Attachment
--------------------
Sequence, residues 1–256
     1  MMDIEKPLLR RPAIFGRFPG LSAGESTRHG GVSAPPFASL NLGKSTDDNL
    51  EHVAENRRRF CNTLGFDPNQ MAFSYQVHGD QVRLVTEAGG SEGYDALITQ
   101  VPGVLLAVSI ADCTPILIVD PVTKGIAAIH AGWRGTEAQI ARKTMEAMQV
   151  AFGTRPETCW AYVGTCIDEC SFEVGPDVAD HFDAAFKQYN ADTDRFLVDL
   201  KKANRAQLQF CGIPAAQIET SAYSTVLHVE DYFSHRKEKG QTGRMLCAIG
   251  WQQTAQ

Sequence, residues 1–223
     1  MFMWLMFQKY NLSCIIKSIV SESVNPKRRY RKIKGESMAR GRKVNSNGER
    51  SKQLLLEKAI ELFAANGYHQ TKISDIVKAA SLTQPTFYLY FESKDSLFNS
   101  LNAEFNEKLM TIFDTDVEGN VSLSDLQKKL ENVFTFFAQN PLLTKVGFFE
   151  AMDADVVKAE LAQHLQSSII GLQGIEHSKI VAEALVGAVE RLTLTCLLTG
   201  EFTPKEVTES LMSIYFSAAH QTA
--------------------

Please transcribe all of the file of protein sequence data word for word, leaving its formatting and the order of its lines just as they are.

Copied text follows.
Sequence, residues 1–256
     1  MMDIEKPLLR RPAIFGRFPG LSAGESTRHG GVSAPPFASL NLGKSTDDNL
    51  EHVAENRRRF CNTLGFDPNQ MAFSYQVHGD QVRLVTEAGG SEGYDALITQ
   101  VPGVLLAVSI ADCTPILIVD PVTKGIAAIH AGWRGTEAQI ARKTMEAMQV
   151  AFGTRPETCW AYVGTCIDEC SFEVGPDVAD HFDAAFKQYN ADTDRFLVDL
   201  KKANRAQLQF CGIPAAQIET SAYSTVLHVE DYFSHRKEKG QTGRMLCAIG
   251  WQQTAQ

Sequence, residues 1–223
     1  MFMWLMFQKY NLSCIIKSIV SESVNPKRRY RKIKGESMAR GRKVNSNGER
    51  SKQLLLEKAI ELFAANGYHQ TKISDIVKAA SLTQPTFYLY FESKDSLFNS
   101  LNAEFNEKLM TIFDTDVEGN VSLSDLQKKL ENVFTFFAQN PLLTKVGFFE
   151  AMDADVVKAE LAQHLQSSII GLQGIEHSKI VAEALVGAVE RLTLTCLLTG
   201  EFTPKEVTES LMSIYFSAAH QTA